E-mail address forced to lower case in user ID?!?
richw at webcom.com
Mon Mar 1 10:05:19 CET 1999
I hope people won't feel I'm beating a dead horse, but I feel one of the
issues in this thread requires a bit more clarification.
Earlier, I wrote:
RW> As far as I'm aware, very few (if any) modern e-mail
RW> systems actually care about upper vs. lower case in
RW> their own local user names.
"Stainless Steel Rat" replied:
SSR> RFC 822 specifically states that local parts of
SSR> mailboxes *ARE* case sensitive, with the singular
SSR> exception of the Postmaster local part.
I don't really think we're in serious disagreement here.
My understanding of RFC 822 is that mail transport systems must preserve
upper/lower case distinctions in the local part (left-hand side) of an
address. That is, the local part of an address must be kept the way it
was originally written, and other systems may not change the case of any
of the letters in the local part (though they may, if they wish, change
the case of the letters in the domain name or right-hand side).
RFC 822 does not prohibit local mail delivery systems from ignoring case
distinctions in their own local mailbox names. That is, if a site wants
to treat "fred", "Fred", and "FRED" as the same name, and deliver all
mail addressed to any of these alternatives to a single local user whose
account name is "fred", that doesn't violate RFC 822. (My impression,
FWIW, is that most modern e-mail systems do this very thing.)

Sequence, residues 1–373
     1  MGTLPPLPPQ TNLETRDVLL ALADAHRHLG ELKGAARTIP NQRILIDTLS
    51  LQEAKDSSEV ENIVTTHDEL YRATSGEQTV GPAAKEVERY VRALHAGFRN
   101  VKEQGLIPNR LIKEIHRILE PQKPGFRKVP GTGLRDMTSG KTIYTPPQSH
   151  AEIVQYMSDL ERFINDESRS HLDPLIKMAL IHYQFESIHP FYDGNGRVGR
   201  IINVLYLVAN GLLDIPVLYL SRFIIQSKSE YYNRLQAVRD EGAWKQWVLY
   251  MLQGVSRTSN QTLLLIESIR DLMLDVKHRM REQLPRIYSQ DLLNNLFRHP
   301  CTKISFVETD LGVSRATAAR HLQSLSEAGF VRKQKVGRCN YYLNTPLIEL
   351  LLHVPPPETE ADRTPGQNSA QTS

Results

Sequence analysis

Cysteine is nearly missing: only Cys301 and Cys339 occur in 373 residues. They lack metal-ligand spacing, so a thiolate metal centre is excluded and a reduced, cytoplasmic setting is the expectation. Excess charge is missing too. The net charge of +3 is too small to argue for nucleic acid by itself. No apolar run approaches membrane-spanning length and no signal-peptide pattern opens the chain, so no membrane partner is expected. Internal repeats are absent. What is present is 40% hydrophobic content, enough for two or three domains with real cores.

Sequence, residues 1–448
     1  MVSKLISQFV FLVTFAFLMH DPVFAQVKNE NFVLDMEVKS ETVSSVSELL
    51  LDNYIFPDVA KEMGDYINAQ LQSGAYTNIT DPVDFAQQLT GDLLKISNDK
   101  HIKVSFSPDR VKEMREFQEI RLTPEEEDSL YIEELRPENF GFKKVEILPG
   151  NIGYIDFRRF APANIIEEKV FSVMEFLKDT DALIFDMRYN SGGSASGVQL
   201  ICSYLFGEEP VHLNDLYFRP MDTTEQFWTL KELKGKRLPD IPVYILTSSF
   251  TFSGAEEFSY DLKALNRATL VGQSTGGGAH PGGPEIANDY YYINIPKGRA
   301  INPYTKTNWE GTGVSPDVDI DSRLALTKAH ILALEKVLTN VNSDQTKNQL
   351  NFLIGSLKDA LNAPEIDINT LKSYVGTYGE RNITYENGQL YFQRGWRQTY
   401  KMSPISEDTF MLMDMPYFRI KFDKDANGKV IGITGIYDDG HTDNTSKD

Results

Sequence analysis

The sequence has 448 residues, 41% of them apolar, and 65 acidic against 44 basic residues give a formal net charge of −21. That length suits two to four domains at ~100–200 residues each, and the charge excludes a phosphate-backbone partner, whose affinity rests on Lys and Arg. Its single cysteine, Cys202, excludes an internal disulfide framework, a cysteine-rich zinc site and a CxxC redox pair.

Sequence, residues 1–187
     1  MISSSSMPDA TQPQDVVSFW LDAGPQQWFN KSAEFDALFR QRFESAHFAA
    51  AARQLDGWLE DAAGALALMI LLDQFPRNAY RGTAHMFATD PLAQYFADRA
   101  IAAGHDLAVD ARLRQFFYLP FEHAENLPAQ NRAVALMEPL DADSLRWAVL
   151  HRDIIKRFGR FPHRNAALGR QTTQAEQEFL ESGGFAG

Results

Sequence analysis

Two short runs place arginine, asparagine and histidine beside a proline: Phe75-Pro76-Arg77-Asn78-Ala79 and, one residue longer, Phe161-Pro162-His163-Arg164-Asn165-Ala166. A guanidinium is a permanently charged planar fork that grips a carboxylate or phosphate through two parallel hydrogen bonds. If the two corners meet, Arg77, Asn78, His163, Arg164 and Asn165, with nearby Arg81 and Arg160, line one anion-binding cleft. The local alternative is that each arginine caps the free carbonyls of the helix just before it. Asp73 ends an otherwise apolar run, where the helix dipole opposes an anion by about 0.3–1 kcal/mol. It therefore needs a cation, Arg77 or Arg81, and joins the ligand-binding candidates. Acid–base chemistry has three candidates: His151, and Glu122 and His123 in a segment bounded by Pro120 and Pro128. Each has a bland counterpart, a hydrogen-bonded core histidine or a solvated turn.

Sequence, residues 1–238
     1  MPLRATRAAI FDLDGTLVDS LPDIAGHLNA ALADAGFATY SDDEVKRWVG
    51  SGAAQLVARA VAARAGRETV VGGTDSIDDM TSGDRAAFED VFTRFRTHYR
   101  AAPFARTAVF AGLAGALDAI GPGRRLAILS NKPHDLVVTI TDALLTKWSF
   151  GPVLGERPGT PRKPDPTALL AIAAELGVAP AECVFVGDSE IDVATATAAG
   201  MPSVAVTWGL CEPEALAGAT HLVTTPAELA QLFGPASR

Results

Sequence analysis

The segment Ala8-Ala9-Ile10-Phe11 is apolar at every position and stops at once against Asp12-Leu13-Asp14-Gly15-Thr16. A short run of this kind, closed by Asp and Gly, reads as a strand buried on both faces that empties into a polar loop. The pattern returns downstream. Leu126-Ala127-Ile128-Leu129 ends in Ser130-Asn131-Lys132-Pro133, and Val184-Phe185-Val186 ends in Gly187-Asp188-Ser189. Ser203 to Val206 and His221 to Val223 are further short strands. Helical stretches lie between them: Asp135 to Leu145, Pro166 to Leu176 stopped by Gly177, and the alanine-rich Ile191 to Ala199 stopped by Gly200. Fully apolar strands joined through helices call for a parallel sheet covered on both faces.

But even if a site's local rule is that upper/lower case distinctions
are irrelevant in its own local mailbox names, that does =not= give the
site's software writers permission to change the case on the local parts
of e-mail addresses intended for =other= sites. For all I know, some
other site may treat "fred" and "FRED" as completely different, and
accept mail delivered only to one or the other. Or -- though I can't
imagine any sane sysadmin wanting to do this -- some other site might
have two completely separate accounts named "fred" and "FRED", owned by
two different users. RFC 822 says I'm not allowed to make any assump-
tions in this regard when dealing with other sites' addresses (except
for "postmaster", which I am entitled to assume is always equivalent to
"POSTMASTER", "Postmaster", "pOsTmAsTeR", etc., etc. ad absurdum).
Back in 1982, when RFC 822 was written, there was a tendency by UNIX
mail software writers to force all e-mail addresses to lower case (since
UNIX account names have traditionally used all lower case) -- while, at
the same time, software for TOPS-10, VAX/VMS, and IBM systems tended to
force addresses to upper case (since that was what those systems used).
People needed to be told =not= to change the case of the local parts of
addresses in order to allow e-mail to be exchanged around the net.
When I said that few, if any, modern e-mail systems actually care about
upper vs. lower case, what I meant was that (as far as I'm aware) most
systems today will in fact ignore upper/lower case issues in their own
local mailbox names, and will deliver local mail the same no matter how
the user name is capitalized. Despite this, though, software still
shouldn't munge the case of the left-hand side of an e-mail address --
and that's why I recommended that GnuPG should stop doing this.
Rich Wales richw at webcom.com http://www.webcom.com/richw/
See http://www.webcom.com/richw/pgp/ for my PGP key and fingerprint info
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